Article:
July has been a very active month for privacy, particularly in India. Even as I write this, the Hon’ble Supreme Court of India is listening to concluding arguments from petitioners and the State on whether Privacy is a Fundamental Right or not in India. An MP (Jay Panda) introduced a private member bill on Data Privacy & Protection in Parliament. MEITY has constituted a committee of experts to deliberate on a Data Protection Framework for India.
Meanwhile, things continue to gallop on the global front too. LinkedIn took a company to court for scraping data from its site and building a business around it. A court in Germany hauled up a company for installing spyware on employees’ computers to spy on them. A group of researchers demonstrated how easy it is to unearth web browsing histories of users from supposedly anonymised, easily-available data. A company in the US got into a controversy about planning to sell the data its ‘smart’ vacuum cleaners gather about people’s homes. And, most alarming of all, Washington Post announced the results of a study they did of about 5000 popular apps for children- where more than 50% of them failed to protect data.
Read on for details on the above topics.
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Co-Founder & CEO, Arrka Consulting
How We are all ‘Droids’:
This article talks about how we have all become ‘data droids’ and how this data is being used by companies.
‘…The European Commission has also signalled that it is data on private individuals that is the real competition currency of the future and that it may well look to regulate the way the big internet firms compete by collecting and using such private data…. Meanwhile, the American attitude to competition seems to be heading the other way….. We would do well by taking Europe’s lead when we frame our own “data democracy” laws’
Happenings in India:
Nandan Nilekani spoke out about the need for data protection & privacy. Here is one news report that outlines what he spoke: http://timesofindia.indiatimes.com/india/citizens-should-have-ownership-of-digital-data-that-they-generate-nilekani/articleshow/59715877.cms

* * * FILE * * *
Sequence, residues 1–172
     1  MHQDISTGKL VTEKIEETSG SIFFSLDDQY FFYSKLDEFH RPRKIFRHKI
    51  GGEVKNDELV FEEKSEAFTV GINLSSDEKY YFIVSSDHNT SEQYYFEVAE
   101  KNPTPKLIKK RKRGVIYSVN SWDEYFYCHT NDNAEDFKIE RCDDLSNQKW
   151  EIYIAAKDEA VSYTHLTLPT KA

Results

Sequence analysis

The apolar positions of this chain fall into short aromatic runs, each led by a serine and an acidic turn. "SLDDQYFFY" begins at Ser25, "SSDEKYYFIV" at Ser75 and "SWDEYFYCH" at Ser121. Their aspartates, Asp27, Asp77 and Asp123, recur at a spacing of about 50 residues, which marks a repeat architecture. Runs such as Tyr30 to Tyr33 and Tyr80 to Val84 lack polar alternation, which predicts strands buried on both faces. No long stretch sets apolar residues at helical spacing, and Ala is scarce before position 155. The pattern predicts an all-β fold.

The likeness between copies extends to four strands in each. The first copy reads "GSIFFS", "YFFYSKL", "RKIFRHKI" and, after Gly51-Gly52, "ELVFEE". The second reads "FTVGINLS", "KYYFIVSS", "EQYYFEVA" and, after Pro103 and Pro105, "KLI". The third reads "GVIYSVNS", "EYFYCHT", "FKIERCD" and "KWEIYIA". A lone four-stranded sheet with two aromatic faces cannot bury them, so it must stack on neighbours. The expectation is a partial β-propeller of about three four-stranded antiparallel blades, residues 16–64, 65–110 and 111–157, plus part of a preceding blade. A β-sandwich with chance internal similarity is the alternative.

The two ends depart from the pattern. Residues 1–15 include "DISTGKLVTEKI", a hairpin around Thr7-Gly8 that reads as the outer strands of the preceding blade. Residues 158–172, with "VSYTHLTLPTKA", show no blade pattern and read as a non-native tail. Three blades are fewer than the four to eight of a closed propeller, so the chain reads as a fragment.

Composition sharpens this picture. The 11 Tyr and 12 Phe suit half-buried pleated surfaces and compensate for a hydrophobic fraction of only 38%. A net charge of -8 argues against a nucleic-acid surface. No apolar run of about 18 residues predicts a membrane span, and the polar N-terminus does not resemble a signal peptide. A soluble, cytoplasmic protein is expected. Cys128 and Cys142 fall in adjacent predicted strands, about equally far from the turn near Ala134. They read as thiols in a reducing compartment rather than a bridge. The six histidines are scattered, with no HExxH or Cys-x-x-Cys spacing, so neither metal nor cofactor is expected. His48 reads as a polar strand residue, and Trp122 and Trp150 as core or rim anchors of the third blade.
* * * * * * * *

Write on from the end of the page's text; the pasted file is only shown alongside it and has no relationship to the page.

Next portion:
Member of Parliament, Jai Panda, tabled a private member bill in Parliament. Here is a news report that gives some details on this: http://www.livemint.com/Opinion/EcRER0qfjd1ooT1twFzdVJ/High-time-India-had-a-right-to-privacy-law.html
And the biggest news of all is the current proceedings in the Hon’ble Supreme Court of India on whether Privacy is a Fundamental Right or not. An unprecedented 9-Judge bench has been constituted to take a decision on this. Some of the finest legal luminaries have been arguing for both sides of the divide – with a bunch of petitioners on one side and the State on the other side. Whatever the final outcome, the debate has been fantastic and worth listening in to. Here are two of the good folks live-tweeting the proceedings:
PS: Stand by for a note from our end on this shortly.
Interesting German Court ruling on Violation of Privacy:
An employee of a German company took the company to court for firing him because he was found working for another company while at work – using evidence from a keyboard tracking software installed to spy on employees. The court ruled the usage of the spying software as illegal given it had been done without the knowledge & consent of the employee. What is interesting about this case is that it could happen to any company – and how organizations need to be careful.
LinkedIn and the Web Scraping Case:
‘HiQ scrapes data about thousands of employees from public LinkedIn profiles, then packages the data for sale to employers worried about their employees quitting. LinkedIn sent hiQ a cease-and-desist letter warning that this scraping violated the Computer Fraud and Abuse Act.’
It would be interesting to find out how this case pans out. Many businesses are based on ‘data scraping’ – what would happen to such businesses if HiQ was found to be in violation?
A Study on how easy it is to get our Identities from our ‘Anonymised’ Browsing Histories:
A group of German researchers gathered ‘clickstream’ data of 3 Million individuals from Web Analytics companies. This data is supposed to be anonymised (having no identity information). In reality, they could get a host of personal information from that. The article below explains how this was done. A fascinating read…
Internet of Things & Privacy:
A controversy about this company, iRobot, sharing the data it collects via its ‘smart’ Vacuum Cleaners emphasizes how much of personal data gets collected by our smart devices. The iRobot Vacuum cleaner collects data about the layout of a user’s home. This data combined with other data about the individuals residing in that home can be a serious invasion of privacy.
Children’s Apps and Privacy:
This study – by Washington Post – talks of how they tested about 5000 popular apps for children and how over 50% of them failed to protect their data. Check out the detailed note here: